It was always a bit awkward at the school when it came to eating and drinking. It was almost 90 degrees every day and we were standing outside in the sun most of the day so it goes without saying you would get hot, thirsty and hungry. We had lunch packed for us by the hotel and had a cooler of water in our trucks, but the problem is we are constantly surrounded by kids who often go hungry and don’t always have access to clean water. I would always be sure not to drink outside amongst the kids, but even when I would sneak inside the truck for a drink of water there would be kids peering inside the windows asking for water. At one point I caved and gave Lester some water and watched as he was amazed that the water was cold, then watched him march around like he was carrying a trophy he had won, so proud to have cold water. It was a difficult reality to deal with and I ended up trying not to eat or drink until after we left the village in the end.
When we first arrived at the school we were greeted by hundreds of kids. It was a bit overwhelming because it was a new setting, most of the kids didn’t speak English very well, and there were so many of them staring at us.
I didn’t know what to do, so I decided to do something that is universally understood and doesn’t require language…magic. I did a magic trick for them that my dad taught me that through slight of hand can make it look like a small object, in this case a stone, disappears from your hand. The first few times I did it the kids were cracking up, completely baffled. Then they kept asking me to do it again and again as they tried to figure out how it was happening. Sure enough, after a few exhibitions one of the kids figured it out and took his own stone and started performing the trick for his friends. It ended up being a great icebreaker and those kids ended up being some of my friends during the week.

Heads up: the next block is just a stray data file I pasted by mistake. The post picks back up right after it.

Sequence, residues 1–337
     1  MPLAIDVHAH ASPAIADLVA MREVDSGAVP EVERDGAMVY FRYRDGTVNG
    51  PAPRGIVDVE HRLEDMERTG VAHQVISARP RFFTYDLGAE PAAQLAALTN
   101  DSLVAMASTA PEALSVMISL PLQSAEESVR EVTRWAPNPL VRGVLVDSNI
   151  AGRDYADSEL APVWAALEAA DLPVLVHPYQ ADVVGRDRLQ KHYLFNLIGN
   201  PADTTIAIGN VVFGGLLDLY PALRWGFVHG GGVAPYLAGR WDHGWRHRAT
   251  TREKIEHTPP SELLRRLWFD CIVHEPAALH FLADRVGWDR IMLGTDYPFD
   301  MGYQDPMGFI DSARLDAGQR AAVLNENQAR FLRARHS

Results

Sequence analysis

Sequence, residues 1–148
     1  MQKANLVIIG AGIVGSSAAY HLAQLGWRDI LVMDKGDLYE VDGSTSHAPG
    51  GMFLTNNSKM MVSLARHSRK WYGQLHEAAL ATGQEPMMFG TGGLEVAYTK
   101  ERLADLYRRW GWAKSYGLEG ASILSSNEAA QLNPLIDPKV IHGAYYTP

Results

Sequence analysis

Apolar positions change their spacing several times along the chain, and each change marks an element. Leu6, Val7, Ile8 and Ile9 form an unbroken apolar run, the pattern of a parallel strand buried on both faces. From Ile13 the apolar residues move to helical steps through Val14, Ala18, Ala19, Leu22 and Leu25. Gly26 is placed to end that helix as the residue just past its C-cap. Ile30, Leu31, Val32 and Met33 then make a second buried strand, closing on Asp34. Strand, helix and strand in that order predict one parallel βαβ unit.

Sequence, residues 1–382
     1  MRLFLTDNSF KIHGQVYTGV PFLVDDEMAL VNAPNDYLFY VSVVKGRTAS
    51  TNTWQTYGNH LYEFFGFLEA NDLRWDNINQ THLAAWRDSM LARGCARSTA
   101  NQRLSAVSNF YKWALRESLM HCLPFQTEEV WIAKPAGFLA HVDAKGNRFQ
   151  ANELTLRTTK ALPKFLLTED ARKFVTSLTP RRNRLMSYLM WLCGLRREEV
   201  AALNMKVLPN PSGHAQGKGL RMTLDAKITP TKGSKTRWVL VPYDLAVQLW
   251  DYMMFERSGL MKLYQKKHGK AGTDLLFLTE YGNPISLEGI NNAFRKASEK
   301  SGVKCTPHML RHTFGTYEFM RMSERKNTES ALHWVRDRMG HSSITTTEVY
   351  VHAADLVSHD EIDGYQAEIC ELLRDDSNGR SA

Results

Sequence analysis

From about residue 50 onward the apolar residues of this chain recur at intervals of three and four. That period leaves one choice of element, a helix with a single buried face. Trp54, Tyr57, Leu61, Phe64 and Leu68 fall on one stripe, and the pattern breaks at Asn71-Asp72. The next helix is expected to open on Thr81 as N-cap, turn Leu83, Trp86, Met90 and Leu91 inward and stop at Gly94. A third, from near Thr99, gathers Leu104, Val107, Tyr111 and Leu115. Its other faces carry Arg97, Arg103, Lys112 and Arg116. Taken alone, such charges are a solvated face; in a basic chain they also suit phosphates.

The children of the village are fantastic. It seems with many of them you get a cold, hard look from them, then once you engage them they give you the biggest and most genuine smiles you have ever seen. One of the things I realized during our visit is that wealth doesn’t always affect ones happiness. I know many people who seem to be successful that aren’t as happy, peaceful, or appreciative of life as the people of Lihanda.
One thing that stood out when meeting these children however came when you would ask them their age. You would meet kids that were small in height and weight, looking to be about 6 or 7 years old, but were actually 12-14 years old. They were in good health and eating regularly now, but most of ones development potential is determined before the age of 5 so since they were likely malnourished at that time they don’t grow to their full potential for their age.
We got to the village and were greeted by the headmaster Vincent and his staff of about 6 teachers. They thanked us for coming, then we broke out to check out the computer lab we would be documenting the construction of. One of the teachers, George, was good enough to give me a tour of the entire compound so I could see firsthand the situations the village is dealing with and the solutions being worked on. They included solutions for education, food, dorms for teachers, bed nets and vaccinations, health, and sanitation.